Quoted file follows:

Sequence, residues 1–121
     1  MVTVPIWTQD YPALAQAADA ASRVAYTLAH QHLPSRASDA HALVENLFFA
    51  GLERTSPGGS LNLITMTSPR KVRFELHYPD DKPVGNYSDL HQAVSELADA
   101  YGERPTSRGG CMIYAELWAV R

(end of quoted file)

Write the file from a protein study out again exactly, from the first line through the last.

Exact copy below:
Sequence, residues 1–121
     1  MVTVPIWTQD YPALAQAADA ASRVAYTLAH QHLPSRASDA HALVENLFFA
    51  GLERTSPGGS LNLITMTSPR KVRFELHYPD DKPVGNYSDL HQAVSELADA
   101  YGERPTSRGG CMIYAELWAV R